Marriott Standardizes Global PPC Rules for Franchise Trademark Usage

Posted in Agencies, Paid Marketing

marriottFor years there has been frustrated chatter among PPC media buyers regarding draconian big brand franchise PPC trademark rules. After experimenting all over the world for 2 years, Marriott is now taking assertive steps to standardize and solidify global policies. Whether SEMs like the new US rules or not, Marriott’s taking an industry leading role in organizing an approval process for hotel franchisee trademark usage.

Global Progression
It is widely known that in late 2005 Marriott filed a North American trademark grievance with Google. The correspondence authorized advertisers to use corporate trademarks in PPC ads, excepting a list of rouge users. Earlier this year Marriott again complained to Google regarding France, India, UK, Australia and the EU, choosing the opposite approach-refusing advertisers’ trademark usage absent inclusion on Marriott’s approval list.

Now Marriott has notified its US franchisees that they will flip their US trademark policy with Google to an approved list approach. Marriott asserts that the rules have worked internationally and will provide all players with a consistent global trademark strategy.

Preferred Marriot SEM Agencies?
Only Marriott approved agencies will be allowed to use marks in ad copy, which opens interesting questions as to what criteria they will use to determine which SEM firms will be authorized. Marriott plans on identifying shops to which they will distribute a Trademark Agreement. They’ve informed franchisees that so long as their agency is included on the letter to Google, there should be no problems with existing Paid Search campaigns.

Apparently if your “agency” is on the approved list you’ll be required to fill out Marriott’s agreement which they will then submit to Google. It remains to be seen how Marriott will treat in-house PPC folks from small hotel groups, individual hotels, and search marketing agencies. However, the changes are initially seen by hotel owners and SEM firms alike in a positive light because at least there are clear rules and procedures in place-unlike some other hotel chains.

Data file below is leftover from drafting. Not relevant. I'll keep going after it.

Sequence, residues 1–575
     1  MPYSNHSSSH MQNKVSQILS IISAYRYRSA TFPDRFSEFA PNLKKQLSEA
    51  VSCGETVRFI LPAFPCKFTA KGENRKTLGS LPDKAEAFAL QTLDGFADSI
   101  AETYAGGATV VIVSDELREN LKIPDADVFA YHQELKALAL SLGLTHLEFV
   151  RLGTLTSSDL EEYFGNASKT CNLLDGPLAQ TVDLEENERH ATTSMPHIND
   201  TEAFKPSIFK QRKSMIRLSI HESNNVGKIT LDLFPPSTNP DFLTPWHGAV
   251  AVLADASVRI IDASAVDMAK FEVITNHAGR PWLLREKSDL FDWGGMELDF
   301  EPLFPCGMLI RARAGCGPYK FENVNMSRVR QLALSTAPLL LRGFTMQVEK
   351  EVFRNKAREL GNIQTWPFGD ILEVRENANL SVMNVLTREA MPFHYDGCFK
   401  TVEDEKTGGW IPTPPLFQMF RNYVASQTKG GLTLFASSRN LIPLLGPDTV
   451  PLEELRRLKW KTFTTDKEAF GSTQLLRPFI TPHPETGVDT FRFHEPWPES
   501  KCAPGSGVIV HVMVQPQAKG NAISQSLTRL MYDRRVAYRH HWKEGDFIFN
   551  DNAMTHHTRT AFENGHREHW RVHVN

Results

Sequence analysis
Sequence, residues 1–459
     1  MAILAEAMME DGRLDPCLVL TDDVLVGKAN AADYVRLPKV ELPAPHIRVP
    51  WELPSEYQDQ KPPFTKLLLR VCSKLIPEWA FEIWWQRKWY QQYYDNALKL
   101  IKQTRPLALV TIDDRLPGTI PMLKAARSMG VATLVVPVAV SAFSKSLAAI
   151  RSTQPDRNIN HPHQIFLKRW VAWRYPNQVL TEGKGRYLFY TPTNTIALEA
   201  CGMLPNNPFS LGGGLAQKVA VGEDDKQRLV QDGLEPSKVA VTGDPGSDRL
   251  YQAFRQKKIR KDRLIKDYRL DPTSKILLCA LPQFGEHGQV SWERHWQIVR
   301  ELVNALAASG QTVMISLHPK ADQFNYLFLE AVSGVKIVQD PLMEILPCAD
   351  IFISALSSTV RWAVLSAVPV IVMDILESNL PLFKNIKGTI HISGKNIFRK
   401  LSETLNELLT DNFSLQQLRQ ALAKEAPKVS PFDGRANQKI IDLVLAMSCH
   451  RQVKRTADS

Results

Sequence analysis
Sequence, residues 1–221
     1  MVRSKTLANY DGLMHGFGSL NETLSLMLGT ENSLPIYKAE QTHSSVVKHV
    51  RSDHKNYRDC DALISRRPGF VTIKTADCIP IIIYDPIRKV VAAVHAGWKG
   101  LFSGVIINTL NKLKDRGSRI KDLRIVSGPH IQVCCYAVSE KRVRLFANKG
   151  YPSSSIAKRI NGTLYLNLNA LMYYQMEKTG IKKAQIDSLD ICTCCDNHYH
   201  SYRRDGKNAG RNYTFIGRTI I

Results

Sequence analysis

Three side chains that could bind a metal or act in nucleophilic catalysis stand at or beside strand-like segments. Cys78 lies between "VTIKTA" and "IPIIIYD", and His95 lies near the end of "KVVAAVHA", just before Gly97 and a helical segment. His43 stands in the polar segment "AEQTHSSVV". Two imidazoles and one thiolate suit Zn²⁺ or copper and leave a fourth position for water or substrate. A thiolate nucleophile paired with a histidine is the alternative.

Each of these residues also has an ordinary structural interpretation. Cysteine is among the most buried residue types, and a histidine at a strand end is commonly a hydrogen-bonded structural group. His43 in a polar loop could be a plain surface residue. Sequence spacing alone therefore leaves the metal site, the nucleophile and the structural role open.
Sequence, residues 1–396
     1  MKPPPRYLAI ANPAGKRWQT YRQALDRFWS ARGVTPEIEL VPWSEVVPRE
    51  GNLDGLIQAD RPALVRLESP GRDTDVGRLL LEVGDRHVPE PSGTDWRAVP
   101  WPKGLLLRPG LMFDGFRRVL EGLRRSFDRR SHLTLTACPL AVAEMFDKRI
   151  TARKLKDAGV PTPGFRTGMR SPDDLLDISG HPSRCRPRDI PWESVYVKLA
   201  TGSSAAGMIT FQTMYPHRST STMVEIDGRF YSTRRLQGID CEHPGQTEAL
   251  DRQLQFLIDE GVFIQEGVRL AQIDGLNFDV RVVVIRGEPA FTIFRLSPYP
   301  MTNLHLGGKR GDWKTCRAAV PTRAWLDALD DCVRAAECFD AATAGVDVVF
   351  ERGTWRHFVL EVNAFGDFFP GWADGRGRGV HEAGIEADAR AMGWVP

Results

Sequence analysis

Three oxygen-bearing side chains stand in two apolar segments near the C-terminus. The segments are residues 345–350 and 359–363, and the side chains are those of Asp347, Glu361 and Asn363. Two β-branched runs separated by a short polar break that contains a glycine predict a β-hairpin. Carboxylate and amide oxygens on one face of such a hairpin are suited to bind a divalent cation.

• Scott Clark

    A classic friction between franchisees and franchisers.

    The trademark-use agreements are struck between franchisee and franchiser, and search engines can’t be asked to scrutinize those. If a franchise sits on it’s ass and doesn’t enable modern marketing techniques, it’s really just tough cookies for the franchisee. Google and others will use the federal law default and call it a day.

    I have learned that franchises have to assume the worst in cases like this, and there is wisdom in it. In many <$1m franchises, IMO, many (most?) of the people buying into these *should not* be running *any* business, and there’s a real danger of knee jerk web marketing which can disrupt national efforts.

    It would be nice to think the web development / agency crowd would come to the rescue, but it doesn’t always happen. I’ve seen local web design companies buy a national, broad-match PPC ad for a strictly local market at least five times.

    Internet-based advertising such as geotargeted PPC could be discussed like print marketing. This is imperfect as well, as geotargeting is horribly inaccurate at the zip code level. I’ve worked with franchises to solve this by developing (with much pain) “metro hub” landing pages which share paid search costs by region. The PPC targeting gets them close, and the hub page goes the final mile.

    I think that it will change if potential franchisees begin asking about it during the sales process. If enough people ask the question “What about PPC trademark usage” as a part of due diligence, franchisers will be compelled to decide what they want to do, and add language in agreements.

    On my desk right now is a tangled mess of paperwork where a franchisee filed a trademark complaint against another PPC advertiser with Google on their own rather than asking the franchiser to do it. Google did the right thing by rejecting the complaint, and the legal department of the franchiser is now handling the issue. It just shows you how fd up it can get.

    BTW: A similar issue arises with domain names. Someday, perhaps, a niche registrar will emerge which is sensitive to these needs.

  • Marty Weintraub

    Thanks for the insight Scott.

  • ryanol

    tell me you don’t market for that Marriott with the rotating restaurant I was up their and thoroughly disappointed. Ive never waited longer for an elevator in my entire life.